OTTAWA , Dec. 21 /CNW Telbec/ - Following two consecutive monthly declines, consumer confidence rose by 3.7 percentage points in December to 82.8 (2002 = 100), according to the Conference Board's Index of Consumer Confidence-December 2009.
"These results indicate that Canadians still have mixed views on the strength of the economic recovery," said Pedro Antunes , Director, National and Provincial Forecast. "Results were mixed depending on the region of the country and on the question asked. Optimism about current finances and employment in the near future increased, but sentiment deteriorated on the outlook for future finances and whether it's a good time to make a major purchase."
This month's increases means that the index is 26.2 points higher than it was in January 2009 . Until its consecutive declines in October and November, the index had increased for seven consecutive months.
Atlantic Canada produced this month's biggest regional gain, climbing 10.8 percentage points, while Ontario also saw a significant increase of 7.5 points. Confidence in the Prairie region increased for a fifth consecutive month, leaving Manitoba, Saskatchewan, and Alberta as the most optimistic provinces in Canada . The indexes in British Columbia and Quebec fell by marginal amount in each province.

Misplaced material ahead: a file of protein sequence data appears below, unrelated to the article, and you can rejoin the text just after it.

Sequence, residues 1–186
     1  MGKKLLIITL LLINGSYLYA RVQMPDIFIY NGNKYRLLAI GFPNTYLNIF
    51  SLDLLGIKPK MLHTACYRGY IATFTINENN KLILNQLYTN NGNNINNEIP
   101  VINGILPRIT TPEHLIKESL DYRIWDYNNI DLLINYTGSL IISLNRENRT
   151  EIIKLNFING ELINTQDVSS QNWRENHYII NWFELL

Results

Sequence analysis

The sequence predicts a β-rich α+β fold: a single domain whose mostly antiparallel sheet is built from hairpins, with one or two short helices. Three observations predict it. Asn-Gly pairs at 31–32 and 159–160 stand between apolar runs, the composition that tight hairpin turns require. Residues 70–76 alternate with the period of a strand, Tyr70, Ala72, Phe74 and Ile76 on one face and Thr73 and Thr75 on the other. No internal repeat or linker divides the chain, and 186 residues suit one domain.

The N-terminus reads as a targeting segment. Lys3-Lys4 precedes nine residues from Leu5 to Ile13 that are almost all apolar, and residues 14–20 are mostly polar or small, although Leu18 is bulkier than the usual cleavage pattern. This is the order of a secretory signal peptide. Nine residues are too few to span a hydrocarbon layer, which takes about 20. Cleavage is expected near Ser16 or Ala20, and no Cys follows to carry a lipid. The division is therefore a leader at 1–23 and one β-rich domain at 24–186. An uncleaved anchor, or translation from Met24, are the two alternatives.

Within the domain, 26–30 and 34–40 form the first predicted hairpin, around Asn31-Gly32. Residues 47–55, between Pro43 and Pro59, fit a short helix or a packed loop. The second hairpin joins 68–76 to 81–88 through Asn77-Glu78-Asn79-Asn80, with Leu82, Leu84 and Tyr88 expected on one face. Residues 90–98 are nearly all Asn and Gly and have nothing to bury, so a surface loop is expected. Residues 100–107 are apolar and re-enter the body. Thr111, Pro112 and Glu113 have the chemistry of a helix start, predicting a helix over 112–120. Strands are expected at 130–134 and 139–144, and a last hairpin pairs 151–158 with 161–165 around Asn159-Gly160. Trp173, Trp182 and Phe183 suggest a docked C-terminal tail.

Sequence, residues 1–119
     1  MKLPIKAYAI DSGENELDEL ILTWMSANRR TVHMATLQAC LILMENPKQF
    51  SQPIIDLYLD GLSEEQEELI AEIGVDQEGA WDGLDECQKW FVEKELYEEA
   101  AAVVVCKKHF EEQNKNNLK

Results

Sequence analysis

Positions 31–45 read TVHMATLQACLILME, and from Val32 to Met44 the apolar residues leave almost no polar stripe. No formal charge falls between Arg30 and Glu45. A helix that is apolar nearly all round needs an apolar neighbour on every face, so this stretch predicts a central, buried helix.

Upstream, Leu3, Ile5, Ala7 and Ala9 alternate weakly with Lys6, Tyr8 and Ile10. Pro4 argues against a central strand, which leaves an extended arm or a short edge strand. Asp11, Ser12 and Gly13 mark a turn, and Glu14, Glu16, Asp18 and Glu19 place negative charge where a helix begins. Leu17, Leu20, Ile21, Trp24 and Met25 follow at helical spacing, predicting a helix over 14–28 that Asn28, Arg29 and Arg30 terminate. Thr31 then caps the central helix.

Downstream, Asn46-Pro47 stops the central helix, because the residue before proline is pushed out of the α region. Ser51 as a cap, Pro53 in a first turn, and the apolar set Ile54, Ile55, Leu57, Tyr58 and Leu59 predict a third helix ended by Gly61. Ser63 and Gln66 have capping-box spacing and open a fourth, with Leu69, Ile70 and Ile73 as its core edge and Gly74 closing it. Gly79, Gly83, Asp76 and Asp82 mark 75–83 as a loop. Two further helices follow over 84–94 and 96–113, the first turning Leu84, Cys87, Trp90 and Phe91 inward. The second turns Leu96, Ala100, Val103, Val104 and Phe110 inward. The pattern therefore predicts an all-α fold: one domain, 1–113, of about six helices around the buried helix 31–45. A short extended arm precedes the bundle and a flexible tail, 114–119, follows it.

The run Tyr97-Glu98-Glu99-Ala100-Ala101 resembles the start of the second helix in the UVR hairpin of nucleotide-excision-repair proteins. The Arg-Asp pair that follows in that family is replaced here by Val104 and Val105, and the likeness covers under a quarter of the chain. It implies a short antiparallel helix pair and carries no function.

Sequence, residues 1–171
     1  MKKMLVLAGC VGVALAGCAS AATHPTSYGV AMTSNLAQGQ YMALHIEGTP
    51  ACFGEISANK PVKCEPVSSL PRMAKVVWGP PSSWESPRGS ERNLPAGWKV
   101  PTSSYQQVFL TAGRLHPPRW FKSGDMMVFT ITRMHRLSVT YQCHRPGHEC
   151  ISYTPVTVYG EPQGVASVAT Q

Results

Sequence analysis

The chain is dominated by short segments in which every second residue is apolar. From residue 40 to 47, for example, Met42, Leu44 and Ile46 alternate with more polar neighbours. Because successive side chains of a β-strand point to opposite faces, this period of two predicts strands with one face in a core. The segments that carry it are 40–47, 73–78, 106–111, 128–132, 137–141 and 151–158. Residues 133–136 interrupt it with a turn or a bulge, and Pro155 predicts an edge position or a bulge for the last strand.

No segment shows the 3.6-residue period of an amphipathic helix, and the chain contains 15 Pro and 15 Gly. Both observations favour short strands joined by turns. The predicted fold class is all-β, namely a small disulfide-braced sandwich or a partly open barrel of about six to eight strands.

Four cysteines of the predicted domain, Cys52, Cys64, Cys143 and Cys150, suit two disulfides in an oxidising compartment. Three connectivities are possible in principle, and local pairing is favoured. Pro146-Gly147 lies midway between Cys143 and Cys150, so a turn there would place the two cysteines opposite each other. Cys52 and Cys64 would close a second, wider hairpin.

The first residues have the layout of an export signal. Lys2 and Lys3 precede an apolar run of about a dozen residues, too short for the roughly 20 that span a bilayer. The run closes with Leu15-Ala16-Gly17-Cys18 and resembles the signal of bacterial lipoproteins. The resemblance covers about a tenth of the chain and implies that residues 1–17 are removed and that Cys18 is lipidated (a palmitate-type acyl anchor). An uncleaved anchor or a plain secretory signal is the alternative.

This month's survey of 2,000 Canadians was conducted from December 3 to December 13 , and has a margin of error of plus or minus 2.2 per cent
The responses on future employment continue to show the largest increase. When asked how they felt the job situation would be in their communities in six months time, 24.1 per cent said that they expected more jobs, an increase of 4.5 points compared to November.
These results corroborate the trend in the Conference Board's Help Wanted Index-December 2009, which saw the number of new jobs posted online rise for the fourth consecutive month. The Help Wanted Index rose 4.1 points in December, its best showing since June. Increases in new job postings occurred in all provinces except for Newfoundland and Labrador, with the strongest growth taking place in British Columbia, Quebec and Nova Scotia.
For further information: For further information: Brent Dowdall, Media Relations, Tel.: (613) 526-3090 ext. 448, E-mail: [email protected]